The post-convention advantage goes to the Democrats

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Donald or Hillary?

The polls will bounce up and down over the next few weeks, but as the last balloons were popping in Philadelphia, it was clear that the Democratic convention won the battle of lasting impressions.

During its early hours, the event was shaping up as an image nightmare. Supporters of Bernie Sanders booed and jeered, leading Sarah Silverman to say, "To the Bernie or bust people, you're being ridiculous." It's a problem when the most serious person in the hall is the comedian. Donald Trump gleefully tweeted that it was "a total meltdown." His own poll numbers had risen following the GOP convention in the week before, and he was undoubtedly hoping that Philadelphia would drag down Clinton's.

Those hopes vanished when Michelle Obama took the podium. She was eloquent and effective, and she delivered a particularly memorable line: "I wake up every morning in a house that was built by slaves." On the first night of the GOP convention, Melania Trump also had memorable lines. Unfortunately, she plagiarized them from Mrs. Obama.

On Tuesday night, jaded journalists rolled their eyes as Bill Clinton spoke of his life with Hillary Clinton. Their first meeting in the law library, her work as first lady of Arkansas, her health care advocacy in the 1990s – all of it was familiar to the senior press corps. But they overlooked something very important: It has been more than 15 years since he left office, so most voters under the age of 35 or so had never heard those stories before. To these younger voters – many of whom supported Sanders in the primaries – the intimate biography was a revelation. No doubt the Clinton camp hoped that they would see her in a new and more flattering light.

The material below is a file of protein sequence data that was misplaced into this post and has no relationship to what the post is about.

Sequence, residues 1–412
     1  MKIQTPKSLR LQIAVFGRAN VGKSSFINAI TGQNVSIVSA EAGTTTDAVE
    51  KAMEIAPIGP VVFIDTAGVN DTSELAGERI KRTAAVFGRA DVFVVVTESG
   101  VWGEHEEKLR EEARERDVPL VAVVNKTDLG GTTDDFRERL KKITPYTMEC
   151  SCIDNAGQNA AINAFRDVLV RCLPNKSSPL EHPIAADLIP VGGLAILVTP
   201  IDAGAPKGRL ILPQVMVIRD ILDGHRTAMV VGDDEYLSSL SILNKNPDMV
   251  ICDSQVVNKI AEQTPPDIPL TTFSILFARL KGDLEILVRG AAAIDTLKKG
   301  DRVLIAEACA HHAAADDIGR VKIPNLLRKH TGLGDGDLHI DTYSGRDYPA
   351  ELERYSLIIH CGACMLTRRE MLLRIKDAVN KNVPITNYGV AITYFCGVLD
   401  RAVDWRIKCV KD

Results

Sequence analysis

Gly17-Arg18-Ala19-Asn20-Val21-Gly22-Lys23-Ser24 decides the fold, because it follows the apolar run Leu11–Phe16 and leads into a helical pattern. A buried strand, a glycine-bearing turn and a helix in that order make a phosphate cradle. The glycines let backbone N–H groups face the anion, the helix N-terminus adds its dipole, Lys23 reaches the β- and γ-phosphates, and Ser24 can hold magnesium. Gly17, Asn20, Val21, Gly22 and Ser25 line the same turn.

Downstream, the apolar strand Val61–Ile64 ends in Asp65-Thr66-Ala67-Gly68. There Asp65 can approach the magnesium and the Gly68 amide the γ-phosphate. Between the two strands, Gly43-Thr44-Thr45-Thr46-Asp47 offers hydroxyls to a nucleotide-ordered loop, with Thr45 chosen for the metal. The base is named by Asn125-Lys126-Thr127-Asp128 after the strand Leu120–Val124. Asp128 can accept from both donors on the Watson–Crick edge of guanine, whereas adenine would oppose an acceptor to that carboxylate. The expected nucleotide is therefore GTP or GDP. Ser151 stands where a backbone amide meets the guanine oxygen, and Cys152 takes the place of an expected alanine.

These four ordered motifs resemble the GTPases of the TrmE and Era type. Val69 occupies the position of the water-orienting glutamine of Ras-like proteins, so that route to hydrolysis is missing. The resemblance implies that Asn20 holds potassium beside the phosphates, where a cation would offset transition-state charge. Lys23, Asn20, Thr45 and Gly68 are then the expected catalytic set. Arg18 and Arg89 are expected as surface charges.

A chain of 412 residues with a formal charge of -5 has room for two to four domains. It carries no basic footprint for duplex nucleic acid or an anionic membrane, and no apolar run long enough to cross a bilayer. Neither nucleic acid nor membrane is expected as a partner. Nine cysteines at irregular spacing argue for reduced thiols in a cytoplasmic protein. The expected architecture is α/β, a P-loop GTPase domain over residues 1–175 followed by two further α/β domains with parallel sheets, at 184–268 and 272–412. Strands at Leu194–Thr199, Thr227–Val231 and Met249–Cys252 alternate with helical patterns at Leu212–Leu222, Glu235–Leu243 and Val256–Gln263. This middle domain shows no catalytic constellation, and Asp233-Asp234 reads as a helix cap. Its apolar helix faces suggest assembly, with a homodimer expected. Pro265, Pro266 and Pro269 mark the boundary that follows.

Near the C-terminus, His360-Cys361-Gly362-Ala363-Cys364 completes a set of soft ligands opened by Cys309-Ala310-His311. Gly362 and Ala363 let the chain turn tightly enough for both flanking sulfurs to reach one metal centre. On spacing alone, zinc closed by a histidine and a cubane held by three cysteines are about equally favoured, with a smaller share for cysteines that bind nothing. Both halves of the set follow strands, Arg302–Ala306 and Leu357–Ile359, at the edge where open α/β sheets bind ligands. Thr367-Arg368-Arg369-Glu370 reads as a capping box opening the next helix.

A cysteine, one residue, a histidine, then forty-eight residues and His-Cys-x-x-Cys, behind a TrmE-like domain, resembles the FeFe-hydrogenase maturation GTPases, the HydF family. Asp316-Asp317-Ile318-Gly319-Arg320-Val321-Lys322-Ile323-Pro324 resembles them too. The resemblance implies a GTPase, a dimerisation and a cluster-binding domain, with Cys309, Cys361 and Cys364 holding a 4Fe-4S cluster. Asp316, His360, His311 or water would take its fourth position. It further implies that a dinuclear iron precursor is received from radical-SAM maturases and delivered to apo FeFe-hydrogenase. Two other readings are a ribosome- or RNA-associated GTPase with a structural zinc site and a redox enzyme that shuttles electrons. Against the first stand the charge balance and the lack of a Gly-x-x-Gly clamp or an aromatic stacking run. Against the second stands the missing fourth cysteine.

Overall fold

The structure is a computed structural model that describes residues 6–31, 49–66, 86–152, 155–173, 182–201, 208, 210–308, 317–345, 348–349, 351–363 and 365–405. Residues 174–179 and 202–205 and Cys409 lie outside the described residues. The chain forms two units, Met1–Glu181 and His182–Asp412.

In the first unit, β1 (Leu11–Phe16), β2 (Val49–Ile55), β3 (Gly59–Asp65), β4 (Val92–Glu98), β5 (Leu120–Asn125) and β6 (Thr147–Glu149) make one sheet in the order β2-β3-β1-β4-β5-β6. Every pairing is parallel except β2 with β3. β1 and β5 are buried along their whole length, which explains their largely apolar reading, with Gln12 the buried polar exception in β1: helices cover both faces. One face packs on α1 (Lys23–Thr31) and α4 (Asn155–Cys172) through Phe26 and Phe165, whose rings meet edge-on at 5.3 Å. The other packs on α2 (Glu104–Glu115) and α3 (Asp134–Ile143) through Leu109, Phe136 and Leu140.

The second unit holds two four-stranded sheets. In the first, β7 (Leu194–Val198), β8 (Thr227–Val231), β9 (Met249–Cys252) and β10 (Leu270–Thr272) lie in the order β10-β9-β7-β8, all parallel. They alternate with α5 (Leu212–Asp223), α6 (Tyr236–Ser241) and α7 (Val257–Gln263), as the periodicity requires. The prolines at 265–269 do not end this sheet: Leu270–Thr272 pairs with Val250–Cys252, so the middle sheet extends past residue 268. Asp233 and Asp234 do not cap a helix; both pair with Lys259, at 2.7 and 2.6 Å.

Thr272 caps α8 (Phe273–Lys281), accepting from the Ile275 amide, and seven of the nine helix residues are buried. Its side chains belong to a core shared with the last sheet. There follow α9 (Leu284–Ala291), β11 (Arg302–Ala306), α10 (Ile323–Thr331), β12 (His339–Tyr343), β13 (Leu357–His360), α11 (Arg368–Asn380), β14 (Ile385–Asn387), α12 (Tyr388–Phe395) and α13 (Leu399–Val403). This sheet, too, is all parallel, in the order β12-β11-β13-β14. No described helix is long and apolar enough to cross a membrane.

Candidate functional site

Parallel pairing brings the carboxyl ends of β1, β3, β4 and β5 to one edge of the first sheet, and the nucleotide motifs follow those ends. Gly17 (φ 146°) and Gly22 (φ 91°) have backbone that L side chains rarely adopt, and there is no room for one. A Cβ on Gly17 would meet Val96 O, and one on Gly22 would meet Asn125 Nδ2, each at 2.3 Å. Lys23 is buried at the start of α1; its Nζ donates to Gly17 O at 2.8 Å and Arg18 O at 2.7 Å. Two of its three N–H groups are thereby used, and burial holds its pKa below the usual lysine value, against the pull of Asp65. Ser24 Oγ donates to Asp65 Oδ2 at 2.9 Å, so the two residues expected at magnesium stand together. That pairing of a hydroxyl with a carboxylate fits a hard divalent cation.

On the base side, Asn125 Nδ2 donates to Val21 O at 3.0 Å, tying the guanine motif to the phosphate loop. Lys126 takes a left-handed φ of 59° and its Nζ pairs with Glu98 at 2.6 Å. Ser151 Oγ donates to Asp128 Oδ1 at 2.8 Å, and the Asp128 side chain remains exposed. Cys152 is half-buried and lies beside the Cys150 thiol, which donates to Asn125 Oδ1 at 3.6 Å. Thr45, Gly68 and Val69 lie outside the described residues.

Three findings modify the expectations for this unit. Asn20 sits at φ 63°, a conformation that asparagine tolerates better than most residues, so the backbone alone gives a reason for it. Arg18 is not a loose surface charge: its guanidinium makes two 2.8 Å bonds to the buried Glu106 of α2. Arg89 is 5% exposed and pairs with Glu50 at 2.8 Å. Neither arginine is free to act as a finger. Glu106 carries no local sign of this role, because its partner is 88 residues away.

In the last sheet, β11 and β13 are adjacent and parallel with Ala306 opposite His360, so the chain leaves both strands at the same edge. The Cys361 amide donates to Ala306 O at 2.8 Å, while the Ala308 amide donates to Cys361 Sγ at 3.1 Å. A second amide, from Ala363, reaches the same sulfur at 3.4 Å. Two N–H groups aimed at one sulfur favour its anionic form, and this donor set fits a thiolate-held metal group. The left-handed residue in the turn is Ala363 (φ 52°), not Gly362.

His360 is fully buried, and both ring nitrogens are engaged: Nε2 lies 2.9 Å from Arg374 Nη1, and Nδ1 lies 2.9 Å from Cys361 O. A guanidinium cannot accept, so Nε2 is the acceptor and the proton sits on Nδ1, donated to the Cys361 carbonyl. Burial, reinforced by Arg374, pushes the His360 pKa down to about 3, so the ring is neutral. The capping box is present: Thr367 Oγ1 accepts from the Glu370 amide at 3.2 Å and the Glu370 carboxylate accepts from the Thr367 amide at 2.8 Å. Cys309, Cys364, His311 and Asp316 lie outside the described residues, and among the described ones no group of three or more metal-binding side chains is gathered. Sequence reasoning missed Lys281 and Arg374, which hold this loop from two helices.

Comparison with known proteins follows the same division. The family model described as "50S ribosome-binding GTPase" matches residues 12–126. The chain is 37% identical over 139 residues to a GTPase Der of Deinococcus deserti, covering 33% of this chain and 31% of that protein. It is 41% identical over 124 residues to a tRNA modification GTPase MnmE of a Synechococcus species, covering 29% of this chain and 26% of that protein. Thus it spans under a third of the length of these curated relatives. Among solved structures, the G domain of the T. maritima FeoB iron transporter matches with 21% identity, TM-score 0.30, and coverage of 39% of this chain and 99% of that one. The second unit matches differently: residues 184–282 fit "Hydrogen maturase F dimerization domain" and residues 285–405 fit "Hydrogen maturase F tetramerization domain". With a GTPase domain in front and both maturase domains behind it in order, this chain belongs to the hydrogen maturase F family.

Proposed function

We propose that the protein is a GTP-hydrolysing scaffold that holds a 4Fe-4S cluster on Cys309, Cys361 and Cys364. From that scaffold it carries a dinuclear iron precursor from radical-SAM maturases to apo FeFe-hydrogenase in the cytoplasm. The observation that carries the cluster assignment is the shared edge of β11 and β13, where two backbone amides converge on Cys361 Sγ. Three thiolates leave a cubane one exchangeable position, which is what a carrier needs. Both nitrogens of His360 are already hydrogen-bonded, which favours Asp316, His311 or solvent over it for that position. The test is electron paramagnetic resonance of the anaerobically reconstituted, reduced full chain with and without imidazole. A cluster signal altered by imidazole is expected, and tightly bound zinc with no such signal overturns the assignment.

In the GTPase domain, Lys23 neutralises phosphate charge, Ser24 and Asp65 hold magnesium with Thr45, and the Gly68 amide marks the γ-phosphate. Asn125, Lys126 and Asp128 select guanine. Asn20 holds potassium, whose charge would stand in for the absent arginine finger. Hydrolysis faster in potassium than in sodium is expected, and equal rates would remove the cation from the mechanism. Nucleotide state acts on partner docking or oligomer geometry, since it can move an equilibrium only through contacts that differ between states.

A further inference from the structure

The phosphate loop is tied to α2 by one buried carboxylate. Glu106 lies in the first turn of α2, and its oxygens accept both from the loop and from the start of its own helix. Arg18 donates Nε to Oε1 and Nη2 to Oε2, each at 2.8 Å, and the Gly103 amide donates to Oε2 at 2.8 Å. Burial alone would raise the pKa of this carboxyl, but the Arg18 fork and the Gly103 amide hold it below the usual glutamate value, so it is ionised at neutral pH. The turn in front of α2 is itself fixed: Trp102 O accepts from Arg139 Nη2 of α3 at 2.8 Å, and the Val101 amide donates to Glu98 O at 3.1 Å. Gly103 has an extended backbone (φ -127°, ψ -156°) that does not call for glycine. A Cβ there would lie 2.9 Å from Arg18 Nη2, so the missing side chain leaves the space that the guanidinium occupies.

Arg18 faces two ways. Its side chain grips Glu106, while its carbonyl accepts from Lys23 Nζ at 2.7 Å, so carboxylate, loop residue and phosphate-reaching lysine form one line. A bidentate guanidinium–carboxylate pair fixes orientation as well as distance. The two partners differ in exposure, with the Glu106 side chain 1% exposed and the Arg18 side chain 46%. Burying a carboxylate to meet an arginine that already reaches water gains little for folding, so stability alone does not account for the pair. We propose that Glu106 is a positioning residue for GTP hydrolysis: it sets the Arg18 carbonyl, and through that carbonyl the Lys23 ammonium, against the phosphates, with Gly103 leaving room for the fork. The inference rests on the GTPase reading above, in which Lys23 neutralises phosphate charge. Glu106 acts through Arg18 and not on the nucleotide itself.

On the third day, Trump tried to seize media attention with a bizarre press conference in which he appeared to invite the Russians to hack Hillary Clinton's emails. The comment led to immediate speculation about Trump's businesses connections to Russia – a mashup of "The Americans" and "House of Cards." The remark even led some to wonder aloud whether Trump had actually committed treason. As Yogi Berra might have put it: If Joe McCarthy were alive, he would be spinning in his grave.

Just as significant, he also suggested that he would recognize the Russian annexation of Crimea, an act of aggression as naked as anything that the world has seen since the 1930s. One suspects that he has given his critics a new good news/bad news joke. The good news is that Trump is not Hitler. The bad news is that he is Neville Chamberlain.

Like Mike Pence on the third night of the GOP convention, Tim Kaine came across as a decent man committed to his party's ideals. Both Pence and Kaine are decent men who gave solid, if not game-changing speeches. If social media is any guide, many people are wondering whether the country would be better off if the veep candidates were at the top of their tickets.

The speeches by Vice President Biden, President Obama and Hillary Clinton herself emphasized the classic themes of faith, family and patriotism. In recent years, Republicans have often given more rhetoric emphasis to these ideas, but by nominating Trump, they tossed away their traditions. When the Clintons spoke about their experiences as parents, they subtly reminded people of Trump's 2005 words: "I'll supply funds and she'll take care of the kids." His slogan, "Make America Great Again" invites the comeback – which we heard repeatedly in Philadelphia – that America is already great. Democrats also pounced on his assertion that "I alone can fix it." Hillary Clinton responded: "Really? I alone can fix it? Isn't he forgetting troops on the front lines, police officers and fire fighters who run toward danger. ... He's forgetting every last one of us."

If it was a game of Capture the Flag, it's advantage Team Blue.

Copyright 2016 U.S. News & World Report


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